QUICK SNAP: LIVE FROM VENICE
Bela and (Lucia Moniz) and Jota (Ruben Garcia) live somewhere in suburban London with their three children, aged between 12 months and 12 years. Diego is the eldest one, and he hardly speaks Portuguese, suggesting that the family settled in the UK a long time ago. The middle one is a quiet girl called Lu, who has hearing problems. The youngest one is baby Jessie. Beta and Jota have underpaid, low-skilled job: she’s a cleaner and he works in a timber store on a zero-hour contract.
The family struggles in order to make ends meet, with Bela unable to buy a new hearing aid for her daughter, and having to shoplift for home essentials. Bela’s mother in Portugal is unable to wire the money for her granddaughter’s device, instead suggesting that they request support from social services. But those who were intended to help the hapless family soon turn out to be their worse enemies. One day, social services take all of their three children due to bruises that mysteriously appeared on Lu’s back. Bela challenges Jota, but he says that he would never lay a finger on his children. Later we find out that the origin of the bruises was not violence-related.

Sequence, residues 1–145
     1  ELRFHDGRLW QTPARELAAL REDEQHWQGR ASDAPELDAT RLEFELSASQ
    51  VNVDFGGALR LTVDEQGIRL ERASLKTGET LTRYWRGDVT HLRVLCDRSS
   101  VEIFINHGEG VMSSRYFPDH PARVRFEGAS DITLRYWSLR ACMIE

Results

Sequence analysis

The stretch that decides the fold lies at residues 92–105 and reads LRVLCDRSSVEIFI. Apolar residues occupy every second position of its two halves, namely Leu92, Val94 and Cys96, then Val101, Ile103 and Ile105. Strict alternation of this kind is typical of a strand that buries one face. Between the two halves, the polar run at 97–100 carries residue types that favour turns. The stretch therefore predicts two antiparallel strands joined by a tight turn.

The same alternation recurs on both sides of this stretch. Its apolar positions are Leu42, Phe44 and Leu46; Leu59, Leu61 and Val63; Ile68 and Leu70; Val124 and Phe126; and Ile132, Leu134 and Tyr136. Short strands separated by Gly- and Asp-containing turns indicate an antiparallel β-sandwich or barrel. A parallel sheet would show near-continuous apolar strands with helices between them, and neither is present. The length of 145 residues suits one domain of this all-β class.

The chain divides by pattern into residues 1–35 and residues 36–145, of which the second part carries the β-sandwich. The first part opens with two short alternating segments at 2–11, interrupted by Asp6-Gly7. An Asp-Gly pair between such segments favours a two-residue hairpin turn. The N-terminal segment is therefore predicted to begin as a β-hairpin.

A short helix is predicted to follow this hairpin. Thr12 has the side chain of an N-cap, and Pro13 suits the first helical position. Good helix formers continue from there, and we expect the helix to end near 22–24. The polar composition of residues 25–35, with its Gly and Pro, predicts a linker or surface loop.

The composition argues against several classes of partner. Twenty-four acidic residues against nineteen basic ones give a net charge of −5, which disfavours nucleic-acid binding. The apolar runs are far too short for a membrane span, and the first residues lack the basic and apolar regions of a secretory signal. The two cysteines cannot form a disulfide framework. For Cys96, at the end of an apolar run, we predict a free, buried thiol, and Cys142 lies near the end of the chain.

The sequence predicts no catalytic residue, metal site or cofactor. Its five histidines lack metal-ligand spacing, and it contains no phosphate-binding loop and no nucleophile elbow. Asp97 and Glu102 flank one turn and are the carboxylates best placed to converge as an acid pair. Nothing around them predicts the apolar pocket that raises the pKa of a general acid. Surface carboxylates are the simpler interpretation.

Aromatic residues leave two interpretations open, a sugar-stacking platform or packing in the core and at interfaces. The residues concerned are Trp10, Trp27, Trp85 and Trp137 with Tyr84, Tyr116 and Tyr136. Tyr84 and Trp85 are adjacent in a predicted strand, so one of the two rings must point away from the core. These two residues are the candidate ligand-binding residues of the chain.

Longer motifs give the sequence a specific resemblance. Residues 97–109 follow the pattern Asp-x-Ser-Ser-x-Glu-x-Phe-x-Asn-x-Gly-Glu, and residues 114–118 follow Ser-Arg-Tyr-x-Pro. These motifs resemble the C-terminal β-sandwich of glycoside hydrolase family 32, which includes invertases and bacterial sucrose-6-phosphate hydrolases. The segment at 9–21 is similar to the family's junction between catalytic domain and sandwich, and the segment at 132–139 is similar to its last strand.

The three children remain under the strict custody of social services. Diego constantly demands that he is returned to his vaguely dysfunctional yet loving family. But the cold bureaucrats don’t listen to him. Lu can only communicate through sign language, and therefore remains almost completely silent throughout the ordeal. Eventually, Bela and Jota are allowed to see their children. But only under draconian conditions: they may not express their emotions, speak Portuguese or even use sign language. An indignant Bela snaps in front of the case officers, causing them to cut the visit short, plus earning her the word “aggressive” printed on top of her file.
Naturally, the two parents become increasingly desperate. They learn that their children could soon go into forced adoption. The law had been changed in 2014, fast-tracking the process, which can now be completed within months. Once placed with a foster family, there is no return. The foster families get paid. And the entire procedure is irreversible. Bela and Jota face an uphill struggle in order to reunite their family, before it is destroyed for good.
There are many elements of social realism in Listen, in good Ken Loach and early Mike Leigh style. It accurately portrays the plight of the working class, particularly those failed by the very institutions that should help them. And it does not romanticise poverty. Bela and Jota are indeed fallible parents, but this doesn’t mean that they unfit for parenthood. Everyone makes mistakes.
The movie deserves extra credit for blending the topics of poverty and disability. Moniz is impressive in the lead, her suffering entirely palpable to any mother or human being with a sense of compassion. She conveys extremely well the unimaginable pain of having your children removed from your against your – and their – will.
Listen is showing at the 77th Venice International Film Festival, which is taking place right now. It’s part of the Orizzonti section.